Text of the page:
It was Japan’s spectacular victories against two major European countries that sparked revolutionary movements across Asia. In particular, two epic events created a domino effect that ensured the collapse of colonialism.
The first was the sinking of the Russian fleet by the Japanese Navy at the Battle of Tsushima at the dawn of the 20th century. Following the outbreak of the Russo-Japanese war in 1904, the Japanese laid siege to Port Arthur, Russia’s only warm-water port in the Pacific. To relieve the siege, Tsar Nicolas II sent his Baltic Fleet comprising 27 warships.
Finding the Suez Canal blocked by Britain, the Russian fleet sailed 33,000 km around Africa to take on the Japanese fleet. On 26 May 1905, as the tired and inexperienced Russian fleet entered the narrow Tsushima Strait, between Japan and Korea, Admiral Togo Heihachiro launched a blistering attack on it with 37 torpedo boats and 21 destroyers. By the following morning, the Russians had lost 21 ships and 4,800 sailors; 5,917 surrendered to the Japanese.
The Japanese victory was seen as a turning point because, for the first time in modern history, an Asian nation had defeated a European power.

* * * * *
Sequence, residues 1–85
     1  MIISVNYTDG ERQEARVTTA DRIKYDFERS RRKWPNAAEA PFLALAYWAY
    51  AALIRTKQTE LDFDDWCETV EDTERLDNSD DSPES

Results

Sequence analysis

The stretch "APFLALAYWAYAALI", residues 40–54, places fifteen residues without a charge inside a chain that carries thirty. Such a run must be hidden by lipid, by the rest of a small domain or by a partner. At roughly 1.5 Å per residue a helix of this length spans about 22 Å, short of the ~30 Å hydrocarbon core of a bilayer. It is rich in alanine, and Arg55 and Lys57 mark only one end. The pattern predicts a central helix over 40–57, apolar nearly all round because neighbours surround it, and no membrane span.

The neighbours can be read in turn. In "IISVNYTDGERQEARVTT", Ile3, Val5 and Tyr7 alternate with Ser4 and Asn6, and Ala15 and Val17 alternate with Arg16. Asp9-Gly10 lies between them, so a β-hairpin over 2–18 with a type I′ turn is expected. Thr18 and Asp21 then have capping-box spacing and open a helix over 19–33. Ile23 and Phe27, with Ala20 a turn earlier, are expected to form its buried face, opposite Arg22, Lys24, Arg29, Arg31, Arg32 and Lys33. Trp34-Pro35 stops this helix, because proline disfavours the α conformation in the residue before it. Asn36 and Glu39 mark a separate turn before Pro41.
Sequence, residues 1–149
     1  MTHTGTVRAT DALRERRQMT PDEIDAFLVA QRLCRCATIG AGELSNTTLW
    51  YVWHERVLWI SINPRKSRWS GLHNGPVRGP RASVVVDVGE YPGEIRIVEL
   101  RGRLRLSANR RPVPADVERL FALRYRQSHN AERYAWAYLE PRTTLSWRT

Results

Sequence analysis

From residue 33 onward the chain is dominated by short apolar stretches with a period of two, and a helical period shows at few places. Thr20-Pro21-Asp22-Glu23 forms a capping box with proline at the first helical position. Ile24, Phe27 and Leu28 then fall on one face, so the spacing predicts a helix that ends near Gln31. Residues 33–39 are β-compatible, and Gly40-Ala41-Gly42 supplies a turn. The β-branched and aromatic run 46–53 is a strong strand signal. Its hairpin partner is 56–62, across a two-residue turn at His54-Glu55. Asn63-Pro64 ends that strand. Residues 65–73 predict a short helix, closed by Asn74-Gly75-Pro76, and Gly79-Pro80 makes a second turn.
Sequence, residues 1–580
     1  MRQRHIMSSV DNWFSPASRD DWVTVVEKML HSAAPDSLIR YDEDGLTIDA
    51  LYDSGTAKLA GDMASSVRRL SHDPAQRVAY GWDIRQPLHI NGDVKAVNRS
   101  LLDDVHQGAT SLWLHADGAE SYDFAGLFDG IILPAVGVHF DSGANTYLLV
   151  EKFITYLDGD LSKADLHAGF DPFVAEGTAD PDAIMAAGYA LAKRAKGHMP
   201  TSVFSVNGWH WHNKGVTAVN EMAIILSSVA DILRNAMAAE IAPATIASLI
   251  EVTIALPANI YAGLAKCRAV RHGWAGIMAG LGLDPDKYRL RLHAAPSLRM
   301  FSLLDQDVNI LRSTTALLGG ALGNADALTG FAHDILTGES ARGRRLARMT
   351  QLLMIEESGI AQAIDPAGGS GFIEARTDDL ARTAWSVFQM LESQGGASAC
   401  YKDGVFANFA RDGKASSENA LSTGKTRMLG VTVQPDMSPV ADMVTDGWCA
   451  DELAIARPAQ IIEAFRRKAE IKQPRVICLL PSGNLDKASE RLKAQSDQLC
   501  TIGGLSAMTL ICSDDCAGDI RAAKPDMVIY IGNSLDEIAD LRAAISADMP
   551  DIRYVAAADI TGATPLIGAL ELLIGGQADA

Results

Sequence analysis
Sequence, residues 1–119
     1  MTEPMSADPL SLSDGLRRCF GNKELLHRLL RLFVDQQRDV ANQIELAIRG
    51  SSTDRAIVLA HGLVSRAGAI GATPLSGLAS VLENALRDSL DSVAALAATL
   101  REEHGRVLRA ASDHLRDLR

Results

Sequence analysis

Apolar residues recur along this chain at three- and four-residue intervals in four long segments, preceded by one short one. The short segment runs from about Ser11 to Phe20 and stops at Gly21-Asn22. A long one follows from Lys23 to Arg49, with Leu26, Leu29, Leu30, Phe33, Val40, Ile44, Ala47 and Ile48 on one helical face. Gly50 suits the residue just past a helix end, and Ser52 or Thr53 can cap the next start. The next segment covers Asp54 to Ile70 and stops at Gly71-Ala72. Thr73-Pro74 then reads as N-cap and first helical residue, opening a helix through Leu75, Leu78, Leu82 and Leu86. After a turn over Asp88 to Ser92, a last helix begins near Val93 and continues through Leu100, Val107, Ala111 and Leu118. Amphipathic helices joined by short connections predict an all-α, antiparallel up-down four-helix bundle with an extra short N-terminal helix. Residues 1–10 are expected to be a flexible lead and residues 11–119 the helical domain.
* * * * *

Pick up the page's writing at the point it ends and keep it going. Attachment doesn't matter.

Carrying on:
Sun Yat-sen, the founder of modern China, said in 1924 in Kobe, Japan: “Since the day of Japan’s victory over Russia, the people of Asia have cherished the hope of shaking off the yoke of European oppression, a hope which has given rise to a series of independence movements — in Egypt, Persia, Turkey, Afghanistan and finally in India. Therefore, Japan’s defeat of Russia gave rise to a great hope for the independence of Asia.”
In Jawaharlal Nehru’s view, the Japanese victory lessened the feeling of inferiority besieging Asians. “A great European power had been defeated, thus Asia could still defeat Europe as it had done in the past,” he wrote in The Glimpses of World History (1934).
For a time when communications were slow and patchy, the news travelled like a tsunami to the Indian hinterlands. Decades before they would hear of Mohandas Gandhi, people in remote villages were excitedly talking about how Japan had humbled a ‘gora’ country.
Japan became a magnet for Indian freedom fighters. Large numbers of Indian students joined Japanese universities in order to be close to this new hub of Indian revolutionaries. Rashbehari Bose, who tried to incite a mutiny in the Indian Army during World War I, escaped to Japan after the attempt failed. Britain was Japan’s ally and the two countries had signed the Anglo-Japanese Alliance in 1902, but Tokyo refused to hand over Indian revolutionaries to the British colonialists.
Bose married a Japanese woman, took Japanese citizenship and founded the Indian Independence League. In June 1942, at the Bangkok conference, Subhas Chandra Bose was asked to join the League and become its president. Bose took charge of the Indian National Army in September 1942.
Battle of Singapore